On Thursday’s episode, titled “Flowers Grow Out of My Grave,” adorkable surgical intern Levi Schmitt went all in with his growing feelings for fellow surgeon, Dr. Nico Kim (Alex Landi), with a steamy kiss in the Grey Sloan Memorial Hospital’s “Elevator of Love,” as actor Jake Borelli endearingly called it -- only to be shot down when Nico expressed disinterest in helping him in his coming out journey. The moment -- which kick-starts Grey’s’ first gay relationship between two male doctors -- was personal for Borelli, who has been out as a gay man to his family and friends for nearly a decade but has never publicly acknowledged it. Until now.
“Growing up gay in Ohio, I craved seeing gay storylines on television. I craved seeing things that reflected who I was at the time. It’s mind-blowing that I get to play the story that I would’ve craved to see when I was younger,” the 27-year-old actor told ET during an exclusive sit-down interview on Thursday. “That was always an exciting factor for me in doing it. I also think there needs to be more representation from people of all different types. With art and TV especially, when you can feel seen, that’s when it’s the most impactful and I wanted to do that.”
“I’ve been out to my friends and family for almost 10 years now, but within the last couple of months of shooting the show and really getting to know this character and seeing the response, I’ve realized that this is becoming bigger than just me,” Borelli said. “Within the last year or so, I’ve been giving the opportunity to speak on a much larger platform. With that opportunity, I am able to come out to a much larger group of people. I want to live in a world that celebrates authenticity and honesty and openness and courage, and I feel a responsibility to come out on a much larger scale.”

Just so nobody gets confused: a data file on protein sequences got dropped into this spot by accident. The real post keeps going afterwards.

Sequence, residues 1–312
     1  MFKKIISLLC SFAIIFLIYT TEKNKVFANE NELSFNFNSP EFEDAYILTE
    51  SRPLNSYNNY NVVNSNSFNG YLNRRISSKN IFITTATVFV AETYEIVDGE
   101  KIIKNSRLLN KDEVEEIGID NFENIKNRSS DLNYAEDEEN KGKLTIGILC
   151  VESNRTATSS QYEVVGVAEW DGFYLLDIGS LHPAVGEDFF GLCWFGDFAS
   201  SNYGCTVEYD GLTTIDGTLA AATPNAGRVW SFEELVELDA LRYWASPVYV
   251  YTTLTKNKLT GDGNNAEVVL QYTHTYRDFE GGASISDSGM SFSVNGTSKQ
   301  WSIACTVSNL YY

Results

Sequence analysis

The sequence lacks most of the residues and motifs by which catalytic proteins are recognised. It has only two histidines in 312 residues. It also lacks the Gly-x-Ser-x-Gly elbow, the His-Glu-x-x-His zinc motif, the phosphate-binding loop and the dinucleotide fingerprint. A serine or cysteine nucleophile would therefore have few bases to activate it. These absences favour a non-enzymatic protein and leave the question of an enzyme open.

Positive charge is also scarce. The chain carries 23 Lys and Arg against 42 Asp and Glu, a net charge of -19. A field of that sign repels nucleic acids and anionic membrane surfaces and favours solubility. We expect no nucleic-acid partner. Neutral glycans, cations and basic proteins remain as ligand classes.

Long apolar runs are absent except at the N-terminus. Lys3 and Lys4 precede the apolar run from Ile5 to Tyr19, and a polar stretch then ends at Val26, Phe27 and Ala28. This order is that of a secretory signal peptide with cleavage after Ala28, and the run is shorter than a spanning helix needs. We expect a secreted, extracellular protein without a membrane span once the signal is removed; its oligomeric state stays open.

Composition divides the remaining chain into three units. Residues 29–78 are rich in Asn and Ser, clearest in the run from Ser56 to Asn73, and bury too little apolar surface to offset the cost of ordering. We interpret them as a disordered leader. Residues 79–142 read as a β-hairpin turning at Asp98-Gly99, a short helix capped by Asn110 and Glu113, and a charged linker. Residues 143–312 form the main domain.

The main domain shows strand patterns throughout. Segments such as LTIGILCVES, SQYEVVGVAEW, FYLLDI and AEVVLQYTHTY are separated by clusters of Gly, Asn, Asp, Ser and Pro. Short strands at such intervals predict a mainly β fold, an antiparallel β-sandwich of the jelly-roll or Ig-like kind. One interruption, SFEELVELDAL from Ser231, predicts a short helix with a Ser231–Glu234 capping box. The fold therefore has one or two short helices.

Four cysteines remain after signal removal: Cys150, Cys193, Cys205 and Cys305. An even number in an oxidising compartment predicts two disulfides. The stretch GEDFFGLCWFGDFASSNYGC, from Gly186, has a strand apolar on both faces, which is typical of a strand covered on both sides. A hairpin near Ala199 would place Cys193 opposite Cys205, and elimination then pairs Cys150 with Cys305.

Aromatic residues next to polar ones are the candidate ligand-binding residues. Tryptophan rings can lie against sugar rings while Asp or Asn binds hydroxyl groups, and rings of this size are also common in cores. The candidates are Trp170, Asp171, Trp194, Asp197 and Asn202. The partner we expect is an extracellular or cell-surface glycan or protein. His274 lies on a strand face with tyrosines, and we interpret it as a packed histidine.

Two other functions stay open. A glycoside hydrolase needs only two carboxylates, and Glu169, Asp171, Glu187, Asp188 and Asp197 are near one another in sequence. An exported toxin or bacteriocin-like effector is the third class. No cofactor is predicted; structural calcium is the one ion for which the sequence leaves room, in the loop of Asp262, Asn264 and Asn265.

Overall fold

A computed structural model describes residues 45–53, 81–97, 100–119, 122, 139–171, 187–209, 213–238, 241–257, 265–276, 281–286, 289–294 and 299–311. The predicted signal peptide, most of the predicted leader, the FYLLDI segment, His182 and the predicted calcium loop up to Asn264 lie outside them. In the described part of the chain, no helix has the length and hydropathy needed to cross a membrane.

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Surprisingly, the origins of Levi’s journey of sexual (and self) discovery didn’t come from Borelli and his own personal story, but rather conversations showrunner Krista Vernoff had with the writers prior to season 15 about how to evolve his character, also affectionately known as “Glasses” -- a reference to the unfortunate time his glasses fell on a patient during surgery.
“We felt that Glasses had stumbled and fallen in as many comic ways he could stumble and fall, and what I said to the writers is this character now has to evolve. He either has to evolve as a human being or a surgeon or he has to fail as a surgeon,” Vernoff told ET. That led her to remember a college friend “who would trip over his own feet until he came out as gay. Almost instantly, he emerged out of that clumsiness into a confidence that I did not know he could possibly have. I thought, ‘Wouldn’t that be amazing to do with Jake? Wouldn’t that be amazing to do with Levi?’ To let him discover himself as a gay man and to let that help him emerge out of that clumsiness and into his own power. That’s where it began.”
Borelli recalled discussions he had over the phone with Vernoff this past summer and how “strongly” she felt that his character was perfect for the storyline she had in mind. “When I came back to L.A., I sat down with her at the office and she was very, very open about hearing my own experiences and the stories that I would want to tell through the character,” he shared. “[The writers] have been very open through the whole process and they’ve also had very, very good ideas on their end.”
The main thing for Borelli was to make sure that Levi, as he progresses through his “new awakening,” “was really [starting to] understand his own relationship to his own sexuality.” “I’m really excited for everybody to see what that ends up being because it’s something I really latch onto myself, and things I’ve experienced in my own life.”
When asked if he was surprised at all by Levi’s journey thus far since his introduction in season 14, when he had an ill-advised one-night stand with Dr. Jo Wilson, Borelli said he wasn’t. “In terms of his sexuality, I’m not super surprised by any of that anymore because I do believe that sexuality is fluid and it’s on a scale,” he explained. “Yes, he slept with Dr. Jo Wilson in the beginning, a woman, and now he’s having eyes for Nico Kim, a guy, and I think that that’s such a normal thing. He’s growing up. He’s in his mid-20s and he’s really learning for the first time about his own sexuality.”
As Borelli tells it, Levi is the character he’s played in his career who is the closest representation to who he identifies with in real life. Because of that, he initially had reservations about where they were taking the character this season, due in part to how closely aligned he was with Levi.